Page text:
In the wake of the terrible events in Chapel Hill, North Carolina this week, I hear once again the cries of disgruntled atheists declaring that “atheism isn’t a worldview,” as if this was a way of shrugging off some important criticism. The basis of this objection is that all atheists believe wildly different things on many different matters. They do – just as is the case with Christians. Worldview denial is also a way of distancing atheists from the atheist murderer in Chapel Hill on the basis that his actions should not reflect upon the majority of atheists. They don’t – just as is the case in equivalent situations with Muslims. The reluctance to accept the term ‘worldview’ is also a means of creating distance between atheists and religion – just as when Hindus say they don’t have a religion, just a way of life.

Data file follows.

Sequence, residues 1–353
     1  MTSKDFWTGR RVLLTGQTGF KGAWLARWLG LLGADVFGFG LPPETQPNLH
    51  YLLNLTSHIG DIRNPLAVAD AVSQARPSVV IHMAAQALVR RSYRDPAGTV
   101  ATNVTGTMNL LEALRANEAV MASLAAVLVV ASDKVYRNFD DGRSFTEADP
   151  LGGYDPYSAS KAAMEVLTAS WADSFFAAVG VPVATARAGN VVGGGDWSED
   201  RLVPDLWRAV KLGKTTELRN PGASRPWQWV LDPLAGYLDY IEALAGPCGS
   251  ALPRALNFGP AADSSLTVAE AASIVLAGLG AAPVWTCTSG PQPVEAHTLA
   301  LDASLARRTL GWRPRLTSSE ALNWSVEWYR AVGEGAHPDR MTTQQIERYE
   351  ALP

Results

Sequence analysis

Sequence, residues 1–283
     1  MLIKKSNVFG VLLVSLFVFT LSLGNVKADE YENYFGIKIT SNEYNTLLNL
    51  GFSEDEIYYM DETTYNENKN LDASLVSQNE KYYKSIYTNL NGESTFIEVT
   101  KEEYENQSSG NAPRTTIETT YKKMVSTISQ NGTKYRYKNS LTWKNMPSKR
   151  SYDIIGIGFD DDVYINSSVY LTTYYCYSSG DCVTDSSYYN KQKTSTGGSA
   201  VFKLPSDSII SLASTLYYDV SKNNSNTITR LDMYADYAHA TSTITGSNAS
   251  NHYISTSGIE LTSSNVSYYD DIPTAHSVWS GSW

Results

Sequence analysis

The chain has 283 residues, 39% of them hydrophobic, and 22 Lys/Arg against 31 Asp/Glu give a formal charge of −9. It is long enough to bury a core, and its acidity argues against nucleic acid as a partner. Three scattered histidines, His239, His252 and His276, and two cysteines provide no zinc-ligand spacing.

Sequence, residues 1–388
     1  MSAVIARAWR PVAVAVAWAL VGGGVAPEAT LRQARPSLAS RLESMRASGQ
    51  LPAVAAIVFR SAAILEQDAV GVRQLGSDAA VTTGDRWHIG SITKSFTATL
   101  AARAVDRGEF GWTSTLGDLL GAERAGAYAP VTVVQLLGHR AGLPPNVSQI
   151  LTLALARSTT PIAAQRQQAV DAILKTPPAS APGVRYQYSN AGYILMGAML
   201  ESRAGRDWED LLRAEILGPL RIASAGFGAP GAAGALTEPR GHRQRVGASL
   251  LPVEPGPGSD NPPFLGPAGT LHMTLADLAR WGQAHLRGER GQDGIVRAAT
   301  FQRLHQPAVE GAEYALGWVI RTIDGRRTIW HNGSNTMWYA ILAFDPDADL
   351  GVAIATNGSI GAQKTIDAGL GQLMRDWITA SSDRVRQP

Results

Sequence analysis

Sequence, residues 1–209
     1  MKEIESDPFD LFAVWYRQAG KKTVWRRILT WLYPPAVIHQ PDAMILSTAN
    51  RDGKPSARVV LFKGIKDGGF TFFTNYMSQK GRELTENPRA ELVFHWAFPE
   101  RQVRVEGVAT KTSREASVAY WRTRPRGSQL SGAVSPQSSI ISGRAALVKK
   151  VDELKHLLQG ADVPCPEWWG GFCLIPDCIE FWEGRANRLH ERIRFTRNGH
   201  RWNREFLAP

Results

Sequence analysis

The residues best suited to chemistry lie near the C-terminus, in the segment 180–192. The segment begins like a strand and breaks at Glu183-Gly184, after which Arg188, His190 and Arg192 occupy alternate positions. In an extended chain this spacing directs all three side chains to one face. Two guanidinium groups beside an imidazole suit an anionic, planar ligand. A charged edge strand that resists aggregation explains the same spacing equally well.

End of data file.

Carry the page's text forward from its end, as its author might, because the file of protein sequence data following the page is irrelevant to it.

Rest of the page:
One of my motives for creating this blog was to offer a space of encounter between atheists and Christians, not to mention any and all other religious and nonreligious traditions. Personally, I dislike the term ‘worldview’ – it creates false impressions, like the presumed need to deny that such-and-such is a worldview. I prefer to talk about religions and nonreligions. Atheism is a collection of nonreligions, just as Christianity is a collection of religions. Yet neither religion nor nonreligion warrants strong causal arguments from the highly abstract terms ‘atheist’ or ‘Muslim’ or ‘Marxist’ or ‘Christian’ or ‘Baha'i’ to extreme events such as murder. But any such terms mark certain risks, especially of misunderstandings, and these risks cut both ways in all cases.
Comments are welcome, but please try to present your position in the best possible light by being polite and not posting in anger.